People living in least healthy counties twice as likely to have shorter lives

The fifth edition of the County Health Rankings continues to show that where an individual lives matters to his or her health. Large gaps remain between the least healthy counties and healthiest counties. For instance, the least healthy counties have twice the death rates and twice as many children living in poverty and teen births as the nation's healthiest counties.

A collaboration between the Robert Wood Johnson Foundation and the University of Wisconsin Population Health Institute, the County Health Rankings allow each state to see how its counties compare on 29 factors that impact health, including smoking, high school graduation rates, unemployment, physical inactivity, and access to healthy foods. The rankings are available at

The rankings provide county-to-county comparisons within a state; this year's rankings also show important national trends:

• Teen birth rates have decreased about 25 percent since 2007.

• The rate of preventable hospital stays decreased about 20 percent from 2003 to 2011.

• Smoking rates dropped from 21 percent in 2005 to 18 percent in 2012.

•  Completion of at least some college increased slightly from 59 percent in 2005 to 64 percent in 2012.

This year's report features the following new measures:

• Housing:  Almost 1 in 5 households are overcrowded, pose a severe cost burden, or lack adequate facilities to cook, clean, or bathe. These problems are greatest on the East and West coasts, Alaska, and parts of the South.

• Transportation: More than three-quarters of workers drive to work alone and among them 33 percent drive longer than a half hour each way. Driving contributes to physical inactivity, obesity, and air pollution.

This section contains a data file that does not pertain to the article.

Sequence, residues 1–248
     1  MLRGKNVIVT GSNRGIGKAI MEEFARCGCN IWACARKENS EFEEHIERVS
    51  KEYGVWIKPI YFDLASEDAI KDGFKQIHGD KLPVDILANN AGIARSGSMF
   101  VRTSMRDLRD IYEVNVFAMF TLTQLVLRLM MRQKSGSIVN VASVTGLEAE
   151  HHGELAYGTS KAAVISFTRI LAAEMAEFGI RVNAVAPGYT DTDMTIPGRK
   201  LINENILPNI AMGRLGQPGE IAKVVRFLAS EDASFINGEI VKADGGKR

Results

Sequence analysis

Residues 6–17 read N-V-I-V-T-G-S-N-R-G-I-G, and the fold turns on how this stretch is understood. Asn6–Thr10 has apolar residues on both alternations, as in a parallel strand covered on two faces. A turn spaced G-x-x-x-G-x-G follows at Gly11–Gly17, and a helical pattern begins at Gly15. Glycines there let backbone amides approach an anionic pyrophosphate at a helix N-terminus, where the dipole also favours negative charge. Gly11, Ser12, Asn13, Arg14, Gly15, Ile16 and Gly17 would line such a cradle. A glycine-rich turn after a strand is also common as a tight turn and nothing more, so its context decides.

• Food Environment: People in many parts of the country face food insecurity (or the threat of hunger) and limited access to healthy foods, especially in counties in the Southwest, across parts of the South, and the western U.S.

• Mental Health: Amid growing attention to mental health care, the availability of mental health providers in the healthiest counties in each state is 1.3 times higher than in the least healthy counties. The West and Northeast regions of the country have the best access to mental health providers.

•  Injury Related Deaths: The third leading cause of death in the U.S., injury death rates are 1.7 times higher in the least healthy counties than in the healthiest counties. These rates are particularly high in the Southwest, part of the Northwest (including Alaska), and the East South Central, and Appalachian regions.  

• Exercise Opportunities: Access to parks or recreational facilities in the healthiest counties is 1.4 times higher than in the least healthy counties.

"The County Health Rankings show us how health is influenced by our everyday surroundings—where we live, learn, work, and play," said Bridget Catlin, PhD, MHSA, director of the County Health Rankings. "The County Health Rankings often provide the spark for businesses, community planners, policy-makers, public health, parents, and others to work together for better health."